– Spoiler Review –
“Yoda’s Secret War” gets a little less secret and a whole lot of strange—maybe too much—in Star Wars #27.
It’s not a surprise a tale starring Yoda might end up a bit weird, his journeys in The Clone Wars‘ final arc certainly went to some strange, but remarkable places, but I’m entirely sure how I feel about the way “Yoda’s Secret War” is turning out. Mind you, Star Wars #27 is mainly set up, introducing us to the planet Yoda arrives on, its lack of adults, and the core conflict the inhabitants are dealing with. There are two children-run societies: one is a rather peaceful, powerless faction that Yoda comes to befriend, while the other contains a bunch of hormonal teenagers who throw rocks first, ask questions later. Yoda is essentially stuck in the Star Wars planet equivalent to middle school and he’s the new transfer student, just trying to get his bearings in the new place. Well, it’s a middle school where the nice kids don’t have any real powers, while the bullies seem to have some type of Force abilities, which they use to throw vibrantly blue rocks to protect their power. These rocks contain the Force, some of which ‘scream’ to the sky for help, which is how Yoda managed to hear them. To the mud dwellers, he is revered as the deliverer (what that means remains to be seen) because he could hear the rocks, while to the rockhawkers (the slightly older, violent kids) he’s just a little freak they mean to put through what seems to be some type of ritual: find the heart of the mountain. See, there’s this mountain made out of the Force sensitive blue rocks and the rockhawkers essentially seem to own it but a long time ago there were more mountains of blue until a war, go figure, dwindled the supply. Yoda looks confused for most of the issue and so don’t feel bad if you are too; Overall, it’s intriguing, specifically for the rock’s connection to the Force and why these kids only seem to be able to only use the Force on said rocks, but it just seems a little bit more out there than usual for a Star Wars tale. It certainly begs the questions: what will the point of this excursion be? Why would Obi-Wan even recount this tale in his Journal? How does it connect to Luke in the main story’s present?*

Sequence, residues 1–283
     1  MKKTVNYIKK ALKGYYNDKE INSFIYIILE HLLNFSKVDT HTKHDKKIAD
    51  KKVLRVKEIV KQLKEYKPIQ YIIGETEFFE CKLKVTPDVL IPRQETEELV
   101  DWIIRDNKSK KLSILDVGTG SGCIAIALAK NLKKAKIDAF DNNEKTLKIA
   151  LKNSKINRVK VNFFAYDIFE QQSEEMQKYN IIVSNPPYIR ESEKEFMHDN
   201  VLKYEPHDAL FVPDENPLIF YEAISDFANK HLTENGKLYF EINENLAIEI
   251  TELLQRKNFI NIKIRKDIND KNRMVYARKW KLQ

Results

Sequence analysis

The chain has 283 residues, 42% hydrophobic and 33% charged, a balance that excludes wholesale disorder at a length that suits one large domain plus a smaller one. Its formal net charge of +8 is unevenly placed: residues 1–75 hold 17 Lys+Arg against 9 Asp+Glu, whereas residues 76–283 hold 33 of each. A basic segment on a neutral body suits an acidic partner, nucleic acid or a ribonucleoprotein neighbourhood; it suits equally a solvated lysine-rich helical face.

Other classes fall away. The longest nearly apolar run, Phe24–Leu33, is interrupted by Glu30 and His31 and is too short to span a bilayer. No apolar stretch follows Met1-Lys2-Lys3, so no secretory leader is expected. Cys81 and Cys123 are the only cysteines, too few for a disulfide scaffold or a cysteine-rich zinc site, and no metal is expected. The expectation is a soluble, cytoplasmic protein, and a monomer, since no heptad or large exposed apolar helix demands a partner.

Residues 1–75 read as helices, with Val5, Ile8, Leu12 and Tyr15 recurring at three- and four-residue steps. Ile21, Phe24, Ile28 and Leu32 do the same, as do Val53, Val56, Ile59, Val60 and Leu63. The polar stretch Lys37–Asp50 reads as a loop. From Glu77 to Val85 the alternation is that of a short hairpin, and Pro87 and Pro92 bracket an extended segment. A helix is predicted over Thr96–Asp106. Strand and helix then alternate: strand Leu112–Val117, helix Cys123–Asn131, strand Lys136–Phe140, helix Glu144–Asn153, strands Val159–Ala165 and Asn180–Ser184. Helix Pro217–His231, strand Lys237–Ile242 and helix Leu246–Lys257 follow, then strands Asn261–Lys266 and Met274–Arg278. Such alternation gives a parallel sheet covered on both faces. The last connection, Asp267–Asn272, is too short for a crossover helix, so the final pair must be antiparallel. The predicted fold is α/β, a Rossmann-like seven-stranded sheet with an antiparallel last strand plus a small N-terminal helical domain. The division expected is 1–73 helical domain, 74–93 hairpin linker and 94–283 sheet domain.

Both the mud dwelling kids and the rockhawkers look like they were ripped straight from the set of Mad Max: Beyond Thunderdome‘s Bartertown (almost appropriately so since the mud dwellers call their hodgepodge home Mucktown), though the rockhawkers wear bone-like masks, and it’s this aesthetic which comes at odds with what we already know as Star Wars: Yoda. He looks like quite the frog out of the swamp in this issue, so much so that at times it looked like someone had cropped him into a cave painting, which is actually a compliment of Salvador Larroca and Edgar Delgado’s work. They made so many oddities in the Darth Vader series feel acceptable in the Star Wars universe that I’m not surprised they manage to make Yoda so distinct, but yet so a part of such an unnatural SW setting. I might be a little lost with the story and wondering where this is all heading, what point this could teach Luke, but I’m all for seeing this tale through if it means more of the oddly gorgeous world Larroca and Delgado are building together.
I also have to commend Jason Aaron for just how well he seems to get Yoda, which takes this from a possibly interesting tale WITH Yoda in it to a intriguing tale ABOUT Yoda and building his characterization; Or at least that’s how it seems to be heading, as the end of #27 leaves Yoda in a pretty hopeless place, chained up and forced to walk a giant mountain while surrounded by hostile teenagers, and it’ll likely take every fiber of Yoda’s Jedi mastery to help him get through this. Aaron and the editors simply could’ve made a story starring Yoda and him doing cool, Jedi things and it probably would’ve still drawn a crowd (issue #26, released on the last Wednesday of 2016, came in #7 in December’s sales at Diamond Comics), but I’m happy it seems they aren’t taking that route. We’ll know if that’s truly the case probably come next issue in February.
Here are a few other things:
- *Curious to see how this tale might wind up connecting to the present of where Luke is reading the Journal? Marvel’s April solicitations for issue #30 would be of great interest to you…
- I really enjoyed the image of Obi-Wan meditating/writing in his Journal, but doing so using the Force. It’s also pretty neat to think for the first time on screen, we’ll be visiting Obi-Wan on Tatooine prior to A New Hope in an upcoming Star Wars Rebels episode. While the Legends Kenobi novel and the previous Journal entries have been fantastic glimpses into this area of his life, this latest tale is extra special because it involves Maul and Obi-Wan meeting for what will likely be the last time for them.
Things get weird and don’t have a clear path just yet for Yoda in Star Wars #27’s entry of “Yoda’s Secret War.”
+ Aaron’s got Yoda down pat
+ Only the great pair of Salvador Larroca and Edgar Delgado can make the strange feel so Star Wars
– Story isn’t intriguing enough yet
CANON COMIC REVIEWS:
Skywalker Strikes (#1-6) | Old Ben’s Journals | Showdown on the Smuggler’s Moon (#8-12) | Rebel Jail (#16-19) | The Last Flight of the Harbinger (#21-25) | Yoda’s Secret War: #26 | #28 | #29 | #30
Annual: #1 | #2
Vader (#1-6) | Shadows and Secrets (#7-12) | The Shu-Torun War (#16-19) | End of Games (#20-25) | Annual: #1
Vader Down (crossover of Star Wars and Darth Vader on-goings)
The Last Padawan (#1-6) | First Blood (#7-12)
Black Squadron (#1-3) | Lockdown (#4-6) | The Gathering Storm (#7-13)
Han Solo (mini-series)
Obi-Wan & Anakin (mini-series)
Shattered Empire (mini-series)
Princess Leia (mini-series)
Darth Maul (mini-series)
Darth Maul: Son of Dathomir (mini-series)